This article was compiled by Jodi Phillips April 2014, for the Institute of Black Academics
concerning Black Under achievement.

PUBLISHED 09 APRIL 2013  05:26

Archeological evidence shows us that the Yoruba have lived in here since prehistoric times. The Yoruba have been the most dominant group in this region of Africa for centuries. The eighteenth century was a particularly difficult one for them; there were civil wars with neighbors and the slave trade destroyed much of the richness of Yoruba society.

Things only got worse for the Yoruba after the civil wars and the slave trade. The British colonized the Yoruba land in 1901and this led to the loss of power over their own lives. Many of their traditions were destroyed. Nigeria became independent again only later in the 20th century, but the second half of the twentieth century saw a lot of warfare and suffering. Several political leaders, and famous thinkers and writers have been killed in recent years. Today, Nigeria is struggling to become a democratic nation with respect for human rights.

In pre-colonial times the Yoruba were the most urban of all African peoples; they inhabited densely populated towns (many over 100,000 in size). The palace of the king (Oba) was traditionally the center of these towns. Perhaps the most important of these towns was Ife, believed to have been founded in 850 AD.

The Yoruba do not only live in Africa nowadays. Because of migration and the slave trade to the Americas in the mid-18th century, there are Yoruba communities throughout the Western world, especially in the Caribbean, South America and North America. One can find clear elements of Yoruba culture today in Cuba and Brazil.

Traditional Yoruba religion has a pantheon of the deities called the Orisha. There are many varieties of Yoruba religion and there are anywhere between 400 and 700 Yoruba gods. Yoruba adults will often honor several of these. Some gods existed before the creation of the earth and others are heroes or heroines from the past that became gods after their deaths. Other gods are even natural objects in their environment such as mountains, hills and rivers that have influenced people's lives and history. Important to the Yoruba religion are storytelling and the journey of life, and these are connected to many sacred rituals.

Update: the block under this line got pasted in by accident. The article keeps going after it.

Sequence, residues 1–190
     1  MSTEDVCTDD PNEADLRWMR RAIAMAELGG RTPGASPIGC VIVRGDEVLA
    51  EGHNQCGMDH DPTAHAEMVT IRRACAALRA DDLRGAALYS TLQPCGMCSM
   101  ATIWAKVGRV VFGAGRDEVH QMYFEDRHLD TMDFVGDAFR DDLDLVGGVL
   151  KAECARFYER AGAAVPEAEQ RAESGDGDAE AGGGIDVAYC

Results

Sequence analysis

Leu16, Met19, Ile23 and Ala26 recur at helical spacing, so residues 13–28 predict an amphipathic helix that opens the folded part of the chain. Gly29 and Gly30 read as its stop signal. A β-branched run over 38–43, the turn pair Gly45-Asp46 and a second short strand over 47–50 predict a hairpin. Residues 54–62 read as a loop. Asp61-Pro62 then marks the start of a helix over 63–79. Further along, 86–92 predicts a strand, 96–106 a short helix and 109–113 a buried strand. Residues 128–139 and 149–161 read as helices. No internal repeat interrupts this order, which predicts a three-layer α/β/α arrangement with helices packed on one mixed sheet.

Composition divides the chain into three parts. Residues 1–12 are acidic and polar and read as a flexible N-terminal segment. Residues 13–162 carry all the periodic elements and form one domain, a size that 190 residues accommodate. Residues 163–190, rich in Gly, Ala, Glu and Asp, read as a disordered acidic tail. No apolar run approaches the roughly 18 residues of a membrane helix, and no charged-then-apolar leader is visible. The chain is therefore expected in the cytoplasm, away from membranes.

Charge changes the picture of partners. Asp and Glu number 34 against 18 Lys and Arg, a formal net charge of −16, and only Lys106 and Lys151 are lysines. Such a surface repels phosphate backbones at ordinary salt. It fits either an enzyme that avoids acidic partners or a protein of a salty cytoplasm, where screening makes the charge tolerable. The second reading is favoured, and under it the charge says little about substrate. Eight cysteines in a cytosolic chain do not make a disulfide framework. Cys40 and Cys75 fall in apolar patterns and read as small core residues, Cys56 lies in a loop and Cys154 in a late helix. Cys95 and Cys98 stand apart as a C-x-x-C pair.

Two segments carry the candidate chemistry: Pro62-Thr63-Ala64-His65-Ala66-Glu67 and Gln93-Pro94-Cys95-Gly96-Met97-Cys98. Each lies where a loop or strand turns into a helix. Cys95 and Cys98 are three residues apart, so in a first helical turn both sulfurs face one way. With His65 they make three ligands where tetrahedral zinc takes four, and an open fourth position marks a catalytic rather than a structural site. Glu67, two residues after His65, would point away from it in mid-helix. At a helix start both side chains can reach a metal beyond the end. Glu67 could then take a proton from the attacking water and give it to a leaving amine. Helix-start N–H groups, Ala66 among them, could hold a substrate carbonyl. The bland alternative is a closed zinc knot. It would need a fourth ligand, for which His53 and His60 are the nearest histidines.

In the mid-nineteenth century Christian missionaries came to this region and started to have a major impact on the Yoruba people. After European rule took effect at the beginning of the twentieth century, various restrictions were placed on Yoruba religious practices. Many ancient practices were banned, as were some religious groups altogether. For instance, night gatherings, essential to the worship of Ogun, the god of iron and war, were severely restricted. The Yoruba traditionally were able to marry more than one person or close relatives, and when the colonists took power, they outlawed this practice entirely. Also, Yoruba traditionally bury their dead in their houses to create a connection between themselves and their dead relatives. This custom upset the British rulers and they forced the Yoruba to bury their dead in graveyards outside the home.

Due to colonial influence, Christianity has become the major religion since the middle of the twentieth century. The most popular Christian faiths have been the Anglican, Methodist and American Southern Baptist. Some Yoruba have converted to Islam.

Yoruba have been living and working in city and rural areas for centuries. Some Yoruba men still farm as an occupation. Yam, cassava and corn have been favorite foods in the past, and in the twentieth century cocoa has become an important crop to sell to other countries. Other men work as specialized tradesmen or craftsmen. Most men will combine city and farm work, moving to the countryside for part of the year. Yoruba women are not involved in the farm work, but control instead much of the market system. A woman's position in society is mostly determined by her own work, and not by her husband's position.

Because they believe that higher education is the path to influence and advancement in society, the Yoruba have been able to dominate the public and private sectors of Nigeria. Many judges, politicians and business people are Yoruba.

Despite the many city-states in the Yoruba region, there are several important common factors that they almost all share: for instance the Yoruba consider the city Ife to be holy. They also honor the same pantheon of gods and seek guidance from special priests.

There are many types of art among the Yoruba, and many objects are placed on shrines to honor the gods and ancestors. There are beautiful sculptures that have been made with wood and brass. Other important art forms are masks, pottery, weaving, beadwork and working with metal. Musically, the Yoruba are well known for their drumming.

Traditionally, writing has not been the main way for the Yoruba to talk about their history and experiences. Instead, stories and histories are passed down from generation to generation by word of mouth. Historical and mythical legends, fables, poetry, folktales are very important. Although storytelling is still a favorite activity among Yoruba today, writing has become an important part of the modern tradition; many very famous award winning African writers are Yoruba.

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